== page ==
Friday, March 18, 2011

5% German?

I'm supposed to be packing right now. I told Geoff I'd be done by 4. That would give me an hour window before we are actually supposed to, that leaves me a few minutes to get a few thoughts off my mind, right?!

Today is Friday.
Since Tuesday, if I had to put a number on it, I'd swear Kaya's only been speaking 5% German with me. She'll speak in English, and depending upon my mood (which is quickly waning with each passing English word!), I'll respond in 1 of three ways.

1. Repeat back to her, in German, whatever she just said to me in English, with a question tone in my voice. For example:
Kaya: Kaya want a new diaper.
Mama: Oh, du willst eine neue Windel? [oh, you want a new diaper?]

I have to admit, I'm getting tired of this "translation game." It's one thing to create sentence after simple baby sentence in German, it's another thing to constantly translate and repeat back, esp. when I wouldn't necessarily say things the way she spits them out. It has me doubting my Germany capabilities, once again, and feeling overwhelmed and annoyed. She does end up often using the German terms soon after I mention them, so maybe it's 'working', but...I still have my doubts. Do others of you do this, or did you do this when you child was two-ish? Any input?

2. Respond to her as if she just spoke German, continuing my end of the conversation in English.

I do this pretty rarely, as I think about it now. I end up feeling that I'm "missing an opportunity" if I don't let her know what the German is for what she just said. But now, as I type this, I'm embarrassed to even admit that I do that as often as I do! It sounds so silly when I analyze it like this. In context it seems normal, but perhaps that's just because that's what I'm used to doing...

3. Tell her that with Mama she speaks German, with Dada, English.

I've been trying this approach at times during the past week, to see if it makes a difference. It has at times...she'll switch for a little bit. But I honestly think there are a number of words she doesn't know how to say in German...

It's shocking to me how quickly my mood can change about all this stuff. I mean, I really shouldn't be surprised, as much as I hate to should on myself. I've been watching myself on this bilingual roller coaster for 2 would seem that I'd be used to the ups and downs by now. I guess it's not really the undulations, so much, as it is the triggers that get me. One day of mostly English and all of a sudden, I'm doubting whether I've done enough, given her enough input, whether she'll end up being an active bilingual at all.

I end up analyzing what happened and what I need to do differently:
  • Monday night, I was gone for most of the evening. She was with English speaking Dada.
  • Tuesdday night, I was gone for ALL of the evening. Ditto.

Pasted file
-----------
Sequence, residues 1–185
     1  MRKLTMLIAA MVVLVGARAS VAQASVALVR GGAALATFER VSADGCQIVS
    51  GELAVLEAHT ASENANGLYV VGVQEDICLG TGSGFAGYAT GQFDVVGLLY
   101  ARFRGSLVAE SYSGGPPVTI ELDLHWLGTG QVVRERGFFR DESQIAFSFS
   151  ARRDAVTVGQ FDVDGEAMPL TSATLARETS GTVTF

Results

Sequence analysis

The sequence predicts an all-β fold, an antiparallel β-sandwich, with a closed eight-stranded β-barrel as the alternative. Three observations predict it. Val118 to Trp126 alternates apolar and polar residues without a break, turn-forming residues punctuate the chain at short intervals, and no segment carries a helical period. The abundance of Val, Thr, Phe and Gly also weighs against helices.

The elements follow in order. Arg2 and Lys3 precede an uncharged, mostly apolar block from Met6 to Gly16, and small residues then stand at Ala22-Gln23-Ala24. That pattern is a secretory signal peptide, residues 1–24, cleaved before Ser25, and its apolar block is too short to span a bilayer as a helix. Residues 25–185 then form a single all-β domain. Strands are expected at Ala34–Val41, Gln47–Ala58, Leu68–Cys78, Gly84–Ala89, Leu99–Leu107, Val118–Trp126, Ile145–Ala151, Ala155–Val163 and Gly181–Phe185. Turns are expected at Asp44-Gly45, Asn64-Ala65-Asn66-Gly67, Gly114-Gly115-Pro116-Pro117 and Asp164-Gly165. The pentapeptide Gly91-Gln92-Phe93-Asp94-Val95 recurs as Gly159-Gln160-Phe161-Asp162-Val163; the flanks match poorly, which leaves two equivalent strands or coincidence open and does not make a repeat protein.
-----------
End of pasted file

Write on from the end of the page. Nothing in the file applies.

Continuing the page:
• Wednesday morning, I brought her to a German-speaking playgroup, eager for the exposure...then, after a few hours of grocery shopping, brought her to her English-speaking grandparents for the night.
  • Thursday, with her grandparents all day, immersed in English (she says, as if it's a crime!)
  • Friday, here we are together, alone, and I expect her to speak mostly German with me after a week of mostly English?
I gotta run. It's way past my 10 minute-window to write this post.

Naturally, as I was write this, Kaya came up to me and told me a variety of things in German: "Kaya braucht eine neue Windel" [Kaya needs a new diaper]...followed by, "Kaya gehen zum Sand" [Kaya go to the sand, in attempt to say, Kaya's going to the beach =Kaya geht zum Strand].

Maybe my fear is just impeding my ability to do the math correctly...

Either way, would love any input that any of you have.
Tricks of the trade? Confidence boosters?

Thanks, in advance!


  1. As you said yourself, this bilingual raising thing consists of ups and downs all the time. So you have to keep confident of what you're doing and wait for the next "up", cause it will definitely arrive. Keep doing the amazing job you do with your daughter!

  2. Tamara

    Remember what I said to you last week? About how reading your entry about Kaya's 80-90% German bouyed me when I needed it? Remember also how bouyed you were by reading about Douglas Hofstadter? So my advice is.... when you have one of these inevitable "down" moments remember the ups and go back and read some of these inspiring posts... especially the ones you have written yourself. You will then remember just how good it can be and will be again.

    I for one can focus more energy on the downs than the ups.. but that makes no sense. Every phase is simply that, be it up or down. Just roll with it.

  3. One additional trick you might try when she keeps speaking English to you is to deliberately distort what she says when you repeat it back in German.

    For example, when Griffin tells me, "I want a snack," I'll say (in French), "Oh, you want a bath? Good idea!" "Nooooo!" He'll protest, "I want a snack." "Oh, you want a hippopotamus?" "Nooooo!" (starting to giggle) "Oh, I know, you want a kiss!" and so forth until he corrects me in French by telling me exactly what he wants.

    I think this works because of the humor and because he sees it as a reversal of roles--he's the one giving Maman words in French!

    (But it can get tedious--for me--though he seems to love to hear me make "mistakes" over and over."

    Just my two cents!

  4. Sarah and Maman,
    THANK YOU!! Very helpful indeed, not just your words, but your thoughtful presence, as well!

  5. Mamay,
    Thank you SO much, to you as well!!! I'm sorry I was so slack in responding to the sweet comment you wrote!!


I LOVE reading your comments, they make such a difference! Thanks for sharing!